The voices of reason

In the International Opera Summer Program, celebrated teachers hone young talent for the world stage.

July 3, 2013 14:30
3 minute read.
Russian singer Ljuba Kazarnovskaya

Russian singer Ljuba Kazarnovskaya. (photo credit: Courtesy)

The international Opera Summer Program in Tel Aviv-Jaffa, which runs between July 1-27 this year at the Ted and Lin Arison Conservatory, has become the major fun event for local music lovers during the summer. Open master classes, concerts, minimalist opera productions and, above all, young talent who come from all over the world to hone their vocal art with the best teachers from various fields of the operatic world. Young passions, young ambitions and hopes, sheer magic, happens in front of your eyes when a renowned singer, with just a few tips, changes the performance of his or her beginner colleague. Just to see the stars of tomorrow – who could ask for more?

Not only beginners but also established young singers consider it important to return to the summer workshop again and again. And many alumni of the summer course, which was founded and is still directed by legendary Metropolitan Opera coach Joan Dornemann, have become singers with solid international careers.

Renowned Russian singer Ljuba Kazarnovskaya (pictured), taught at the summer workshop for five years until 2001. Now, after a 12-year hiatus, she returns to Tel Aviv. On July 14, she will lead a master class, and on the July 17 she will be a host at the Russian Romance concert.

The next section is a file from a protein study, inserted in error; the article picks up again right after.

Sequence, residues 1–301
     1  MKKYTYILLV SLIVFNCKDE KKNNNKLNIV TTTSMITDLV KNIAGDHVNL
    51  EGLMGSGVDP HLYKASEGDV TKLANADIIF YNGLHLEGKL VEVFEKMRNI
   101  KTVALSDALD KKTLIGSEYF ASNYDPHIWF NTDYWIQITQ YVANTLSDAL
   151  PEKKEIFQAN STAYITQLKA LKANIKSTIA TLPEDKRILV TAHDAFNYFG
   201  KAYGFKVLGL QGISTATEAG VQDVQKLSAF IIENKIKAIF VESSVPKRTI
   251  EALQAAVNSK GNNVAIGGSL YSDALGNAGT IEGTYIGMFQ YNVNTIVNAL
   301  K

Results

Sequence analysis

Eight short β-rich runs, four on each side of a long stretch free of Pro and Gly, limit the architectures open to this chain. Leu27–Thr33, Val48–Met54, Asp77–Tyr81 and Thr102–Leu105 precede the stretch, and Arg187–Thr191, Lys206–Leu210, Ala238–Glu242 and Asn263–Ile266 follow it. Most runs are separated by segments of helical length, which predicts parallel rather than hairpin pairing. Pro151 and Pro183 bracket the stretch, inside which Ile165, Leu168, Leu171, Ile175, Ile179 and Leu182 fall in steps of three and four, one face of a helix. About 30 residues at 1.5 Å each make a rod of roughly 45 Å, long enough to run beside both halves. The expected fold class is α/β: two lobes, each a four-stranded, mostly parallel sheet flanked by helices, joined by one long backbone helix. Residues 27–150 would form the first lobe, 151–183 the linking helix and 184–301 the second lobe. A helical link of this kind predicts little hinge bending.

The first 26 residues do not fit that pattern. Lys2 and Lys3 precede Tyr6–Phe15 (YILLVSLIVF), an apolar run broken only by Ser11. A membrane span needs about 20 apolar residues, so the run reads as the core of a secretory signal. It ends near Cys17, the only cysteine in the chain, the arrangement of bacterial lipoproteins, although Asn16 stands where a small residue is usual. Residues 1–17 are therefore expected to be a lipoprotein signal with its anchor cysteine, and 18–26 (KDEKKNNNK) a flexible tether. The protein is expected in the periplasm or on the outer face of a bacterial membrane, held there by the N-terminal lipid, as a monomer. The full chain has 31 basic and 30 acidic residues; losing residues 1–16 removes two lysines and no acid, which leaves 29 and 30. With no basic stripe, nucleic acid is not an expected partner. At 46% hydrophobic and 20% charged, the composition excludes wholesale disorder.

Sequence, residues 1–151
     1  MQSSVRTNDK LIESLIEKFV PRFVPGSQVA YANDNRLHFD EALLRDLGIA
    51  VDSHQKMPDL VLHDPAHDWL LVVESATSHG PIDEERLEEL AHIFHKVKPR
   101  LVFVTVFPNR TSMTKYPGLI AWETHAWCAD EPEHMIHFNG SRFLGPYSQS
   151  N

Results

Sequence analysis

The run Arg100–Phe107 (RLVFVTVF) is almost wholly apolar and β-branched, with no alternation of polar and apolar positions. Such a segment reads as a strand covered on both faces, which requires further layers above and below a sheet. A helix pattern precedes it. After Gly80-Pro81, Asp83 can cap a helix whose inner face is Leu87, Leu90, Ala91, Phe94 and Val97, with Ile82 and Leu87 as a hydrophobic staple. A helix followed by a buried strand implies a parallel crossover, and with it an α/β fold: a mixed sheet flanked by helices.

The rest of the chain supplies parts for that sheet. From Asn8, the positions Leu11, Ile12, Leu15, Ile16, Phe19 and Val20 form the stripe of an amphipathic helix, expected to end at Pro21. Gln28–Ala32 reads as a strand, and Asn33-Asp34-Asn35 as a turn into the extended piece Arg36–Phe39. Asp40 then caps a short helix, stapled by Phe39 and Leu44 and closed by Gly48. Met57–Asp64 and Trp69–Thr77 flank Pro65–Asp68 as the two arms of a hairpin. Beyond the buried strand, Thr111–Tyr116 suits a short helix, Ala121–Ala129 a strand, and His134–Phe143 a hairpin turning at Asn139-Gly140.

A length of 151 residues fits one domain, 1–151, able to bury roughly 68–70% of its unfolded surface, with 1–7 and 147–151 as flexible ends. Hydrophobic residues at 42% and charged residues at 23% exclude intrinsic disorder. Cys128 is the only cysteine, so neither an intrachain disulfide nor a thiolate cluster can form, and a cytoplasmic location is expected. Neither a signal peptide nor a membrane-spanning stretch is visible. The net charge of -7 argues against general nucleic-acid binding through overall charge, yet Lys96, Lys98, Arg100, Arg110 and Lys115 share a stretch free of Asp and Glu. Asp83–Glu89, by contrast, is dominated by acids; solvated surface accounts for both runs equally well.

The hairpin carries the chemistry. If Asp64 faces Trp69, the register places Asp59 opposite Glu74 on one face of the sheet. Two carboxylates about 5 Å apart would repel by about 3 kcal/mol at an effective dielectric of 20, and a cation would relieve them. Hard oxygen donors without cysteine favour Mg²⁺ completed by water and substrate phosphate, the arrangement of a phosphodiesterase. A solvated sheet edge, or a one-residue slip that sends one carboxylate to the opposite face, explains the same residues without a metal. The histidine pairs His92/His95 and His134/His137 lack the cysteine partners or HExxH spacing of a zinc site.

“I am happy to return to Tel Aviv to see the dear familiar faces of the faculty members and hopefully those who were students when I taught there and have now become real singers,” says Kazarnovskaya in a phone interview from her Moscow home.

Kazarnovskaya admits that although she does not have enough time to teach on a steady basis, she has a few students who are far from being beginners.

“It was Joan Dornemann who said that I knew how to find the common language with students, and by that she convinced me to start teaching. The truth is that I am good at explaining, and I really help young singers achieve their goals,” she says.

She goes on to say that beyond technical aspects, teaching is first and foremost about the spiritual and emotional development of a student.

“As a teacher, I need to help to my student find his or her individual manner, style, tone of his voice because it’s almost impossible to do it alone. Above all, a true teacher is one who explains to his student that he or she has to fill every aria with human emotion – as opposed to ‘just a teacher’ who suggests that the student should sing the notes loudly.”

Kazarnovskaya believes that there is only one school in the world: “The Italian tradition, which is almost 400 years old. To it, national traditions of vocal music interpretation are added,” she asserts.

The internationally acclaimed soprano considers herself extremely lucky:

“My teacher Ms. Malysheva was the assistant in the class of renowned professor Umberto Masetti, who taught in Moscow before the October Revolution,” she recounts. “The greatest Russian singers of the time were among his students, such as Obukhova and Sobinov; and he shared his advice with famous Russian bass Shaliapin. So I was taught according to the principles of the great bel canto school of Bologna, where Masetti came from. Malysheva also taught me to present a romance or an aria as a dramatic piece. And as if that was not enough, she served as Shaliapin’s accompanist and often started our lessons with his recordings. ‘Just listen to how colorful his vowels are. His ‘ah’ can be dark and bright, sad, tragic, happy. And that is what dramaturgy of your character is about.’”

Every year, music schools all over the world produce thousands of welltrained singers, far more than required for opera and concert stages. So what advice does Kazarnovskaya have for aspiring beginners?

 “I always say, ‘Don’t copy others. Don’t be the 20th Maria Callas and the 15th Pavarotti. It can help perhaps for a short period of time, like five years, but that is all. Try to be yourself, to develop your unique individuality – that is how people would like to hear you time and again.’”

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